Michael Lewis’ Frightening Account of Government in the Age of Trump
This article was updated on October 17 at approximately 7:15am ET to note that Barry Myers, who was nominated to run NOAA, was a lawyer and entrepreneur, not even a weather scientist.
Michael Lewis is such an engaging writer that it’s been said he could tell a gripping story about a piece of dirt in the road – beginning with the geological origins, several billion years ago, of the dirt’s mineral components. Lewis can write conservative (The Blind Side) and he can write liberal (“Obama’s Way”).1 He can turn nerdy statistical analysis into an entertaining story about baseball (Moneyball) – and the movie version got six Oscar nominations. As you already know, he can write about finance from any perspective you can imagine.
This time, apparently to test his gift for storytelling, Michael Lewis decided to write about government bureaucracy. Not at the highest levels of statecraft, which have a certain glamor, but in the weeds where the smaller decisions that affect people directly are made. In the weeds is where data on the weather is collected, stray nuclear material is tracked down and rural families in poverty are given a leg up. It’s also where a royal mess was made of the Hanford nuclear site in Washington state, and where what Lewis describes as the “failure of NASA to heed engineers’ warnings about how brittle the rings that sealed the solid rocket boosters could become in the cold” resulted in the destruction of the space shuttle Challenger.
Are you bored yet? If so, read Lewis’ book. His account of governance in the age of Donald Trump is frightening, inspiring, and surprisingly lively. Despite some disagreements with its political implications, I cannot recommend it enough.
A frightening and inspiring book
Why is The Fifth Risk frightening? Because Donald Trump, unlike his diligent predecessors George W. Bush and Barack Obama (both come out looking good in Lewis’ account), is aggressively uninterested in the machinery of government. He didn’t think he’d need a transition team: he had to be convinced by Chris Christie that it was against the law not to have one. Christie wound up heading the team until he was summarily fired six months later – by Steve Bannon. Lewis surprises us by saying that “Trump always avoided firing people himself. Mr. You’re Fired on TV avoided personal confrontation in real life.”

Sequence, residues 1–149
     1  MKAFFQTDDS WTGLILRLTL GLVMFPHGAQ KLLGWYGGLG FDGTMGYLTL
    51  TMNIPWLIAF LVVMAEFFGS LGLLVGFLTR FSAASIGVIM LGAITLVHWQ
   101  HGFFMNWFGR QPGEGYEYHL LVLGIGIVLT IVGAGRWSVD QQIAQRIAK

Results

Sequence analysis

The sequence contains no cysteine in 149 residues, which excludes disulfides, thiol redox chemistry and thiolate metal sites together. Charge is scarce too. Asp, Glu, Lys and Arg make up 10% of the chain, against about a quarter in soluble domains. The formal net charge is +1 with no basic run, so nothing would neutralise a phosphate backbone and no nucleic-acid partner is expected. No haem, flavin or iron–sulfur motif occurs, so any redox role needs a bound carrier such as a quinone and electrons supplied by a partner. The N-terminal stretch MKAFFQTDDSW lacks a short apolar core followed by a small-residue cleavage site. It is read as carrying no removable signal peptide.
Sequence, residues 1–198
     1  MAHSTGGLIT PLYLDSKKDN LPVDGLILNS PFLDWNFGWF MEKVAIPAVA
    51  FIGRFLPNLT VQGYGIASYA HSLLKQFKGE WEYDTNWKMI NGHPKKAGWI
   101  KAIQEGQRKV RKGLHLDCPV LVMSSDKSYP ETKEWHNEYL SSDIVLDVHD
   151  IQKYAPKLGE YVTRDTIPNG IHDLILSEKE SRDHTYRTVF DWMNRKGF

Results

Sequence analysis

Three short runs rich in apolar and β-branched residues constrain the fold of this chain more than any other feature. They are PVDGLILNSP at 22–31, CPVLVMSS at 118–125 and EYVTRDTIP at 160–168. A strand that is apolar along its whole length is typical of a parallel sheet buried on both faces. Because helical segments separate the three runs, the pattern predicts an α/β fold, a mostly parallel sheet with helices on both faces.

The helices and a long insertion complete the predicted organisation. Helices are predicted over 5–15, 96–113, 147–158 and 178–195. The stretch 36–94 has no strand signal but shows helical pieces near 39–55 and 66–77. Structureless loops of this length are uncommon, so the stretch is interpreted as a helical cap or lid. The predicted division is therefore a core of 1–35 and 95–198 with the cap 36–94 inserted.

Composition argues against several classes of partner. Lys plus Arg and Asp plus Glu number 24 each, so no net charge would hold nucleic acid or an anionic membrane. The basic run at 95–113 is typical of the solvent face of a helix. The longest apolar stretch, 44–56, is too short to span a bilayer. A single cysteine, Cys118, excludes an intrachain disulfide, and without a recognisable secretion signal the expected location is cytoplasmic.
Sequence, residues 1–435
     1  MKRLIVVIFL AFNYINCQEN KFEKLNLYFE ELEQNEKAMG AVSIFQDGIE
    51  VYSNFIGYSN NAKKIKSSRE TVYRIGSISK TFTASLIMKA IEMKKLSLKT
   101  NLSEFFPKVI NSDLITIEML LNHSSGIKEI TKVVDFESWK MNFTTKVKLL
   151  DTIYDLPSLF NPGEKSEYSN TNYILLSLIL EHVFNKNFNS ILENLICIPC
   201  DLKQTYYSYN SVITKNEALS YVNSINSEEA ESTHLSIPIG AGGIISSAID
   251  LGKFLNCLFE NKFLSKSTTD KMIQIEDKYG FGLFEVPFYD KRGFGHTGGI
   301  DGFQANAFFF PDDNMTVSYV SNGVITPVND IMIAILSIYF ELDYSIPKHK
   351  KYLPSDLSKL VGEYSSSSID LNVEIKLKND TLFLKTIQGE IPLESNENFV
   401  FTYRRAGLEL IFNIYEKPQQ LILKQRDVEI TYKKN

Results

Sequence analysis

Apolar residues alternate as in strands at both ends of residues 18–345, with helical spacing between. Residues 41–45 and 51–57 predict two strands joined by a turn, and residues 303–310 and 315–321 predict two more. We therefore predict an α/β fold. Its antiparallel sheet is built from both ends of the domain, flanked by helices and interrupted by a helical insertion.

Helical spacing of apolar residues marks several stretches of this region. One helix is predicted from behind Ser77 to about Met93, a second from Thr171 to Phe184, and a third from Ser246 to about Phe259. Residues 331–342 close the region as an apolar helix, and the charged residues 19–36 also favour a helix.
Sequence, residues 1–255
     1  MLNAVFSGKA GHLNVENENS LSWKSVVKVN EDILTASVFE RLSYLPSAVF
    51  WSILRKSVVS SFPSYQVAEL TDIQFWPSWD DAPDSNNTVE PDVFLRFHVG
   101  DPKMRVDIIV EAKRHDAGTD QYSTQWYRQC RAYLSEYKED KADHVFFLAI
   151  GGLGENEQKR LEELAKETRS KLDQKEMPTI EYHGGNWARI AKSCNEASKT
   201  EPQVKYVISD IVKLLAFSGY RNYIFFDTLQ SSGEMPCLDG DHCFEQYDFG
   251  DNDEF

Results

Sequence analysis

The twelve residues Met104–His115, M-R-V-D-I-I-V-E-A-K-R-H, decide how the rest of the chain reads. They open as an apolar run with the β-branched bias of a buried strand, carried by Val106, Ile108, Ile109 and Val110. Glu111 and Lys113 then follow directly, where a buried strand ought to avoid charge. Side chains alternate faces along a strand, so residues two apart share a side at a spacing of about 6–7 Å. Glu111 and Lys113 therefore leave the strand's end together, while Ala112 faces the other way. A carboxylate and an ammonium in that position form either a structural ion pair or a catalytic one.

Two years into the Trump presidency, half of the 700 top positions that were supposed to be filled by presidential appointment remain vacant. And the lower-level jobs haven’t been handled well either: the Trump team’s inability to find people to do them means that about half of those jobs are being done by holdovers from the administration of his nemesis, Barack Obama.
Why is The Fifth Risk inspiring? Because it helps us see the expertise and dedication of a large number of modestly paid and technically skilled government employees who work in obscurity to keep the country safe, the machinery of thousands of pieces of the country’s infrastructure running, and the laws that protect us and our property enforced. Lewis’ biggest contribution in The Fifth Risk is to document these functions and explain why we cannot simply eliminate the ones we don’t like or would prefer not to fund.
What is the purpose of government?
We have to have a government. Only a nut would advocate for complete anarchy, the dismantling of national defense, or the complete abolition of the social safety net. The Trump administration seems committed, as are many Republicans and conservatives, to reducing the size of government without eliminating it, but Lewis argues convincingly that the president is doing this in the worst possible way. Lewis claims Trump doesn’t understand that the most important function of government is to keep Americans safe, especially from risks they aren’t aware of.